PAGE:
Chew Food Slowly

December 6, 2011 by staff 

Chew Food Slowly, It’s the ultimate belt-tightening handbook: No Meat? Push an aubergine through the grinder instead. Chew your food long enough for your stomach to feel full. And don’t forget to sweep crumbs off your table and into a jar.

These are some of the tips Greeks used to survive the second world war occupation that have been collected in Starvation Recipes – a cookbook that has become a surprise hit as millions of Greeks struggle to make ends meet in a new era of hardship brought on by economic crisis.

In the grim years of the occupation, starving Athenians invented ways to stay alive, helped by daily advice columns in the capital’s newspapers known as “survival guides.”

Historian and high school teacher Eleni Nikolaidou spent 18 months compiling recipes and survival tips – combing through more than 6,000 scanned newspaper clippings from the 1941-44 Nazi rule to produce her book. Starvation Recipes was released this year and is on its second print run.

“It was all about getting by with very little,” said Nikolaidou.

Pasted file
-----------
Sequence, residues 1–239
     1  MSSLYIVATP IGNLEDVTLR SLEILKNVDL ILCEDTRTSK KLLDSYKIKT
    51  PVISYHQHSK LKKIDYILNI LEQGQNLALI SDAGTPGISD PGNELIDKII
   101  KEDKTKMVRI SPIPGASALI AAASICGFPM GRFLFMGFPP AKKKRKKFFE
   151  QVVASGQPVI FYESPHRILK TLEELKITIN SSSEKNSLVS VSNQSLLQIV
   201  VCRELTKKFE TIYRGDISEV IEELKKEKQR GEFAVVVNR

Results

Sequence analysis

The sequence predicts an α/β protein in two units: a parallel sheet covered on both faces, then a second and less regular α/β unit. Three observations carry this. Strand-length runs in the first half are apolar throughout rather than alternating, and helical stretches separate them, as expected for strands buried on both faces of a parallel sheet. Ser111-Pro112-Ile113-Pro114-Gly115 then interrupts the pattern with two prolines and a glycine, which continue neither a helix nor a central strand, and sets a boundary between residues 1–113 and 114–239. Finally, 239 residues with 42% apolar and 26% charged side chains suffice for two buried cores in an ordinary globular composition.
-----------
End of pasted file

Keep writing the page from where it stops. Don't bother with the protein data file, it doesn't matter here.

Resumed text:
She stumbled onto the subject two years ago while working on a masters degree on Greece’s wartime economy.

“I read an article from the front page of a newspaper, ‘How to collect crumbs’ – a little each day so that you could have a cupful of crumbs by the end of the week, something extra to survive. It really struck me.”

She was drawn in by the details: Horseshoes used to reinforce dilapidated footwear, baked sand to preserve lemons, and stray cats and dogs hunted on Athens streets for food.

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One Response to “Chew Food Slowly”

  1. magnetic field on December 7th, 2011 12:05 am

    When I was getting my Y2K stash together in 1999 I bought a lot of ammo for target practice and also in case things got real bad that I could hunt small mammals and birds for possible food. I laugh about it now that I was even thinking in that direction but you’re not sure what you may have to do until the time comes. Luckily I never had to resort to such measures but did not get rid of the ammo and it is still squirrelled away for another time. I even bought used books on cooking wild game so that I would not waste anything.
    I must admit that I saved up a years supply of canned goods for Y2K and all of it got used except for only 5 spoiled cans. It saved me a lot on groceries for a year or two. My sons both swore that they wouldn’t “eat none of it” but they did so there was no waste. The way the current economy is going I am very careful what I spend money on. I still keep rice, beans, soup, powdered milk, instant potatoes, peanut butter and cereal in the house. When I was unemployed for 3 months in 2009 my food stash helped and I never bought anything that I knew wouldn’t get used.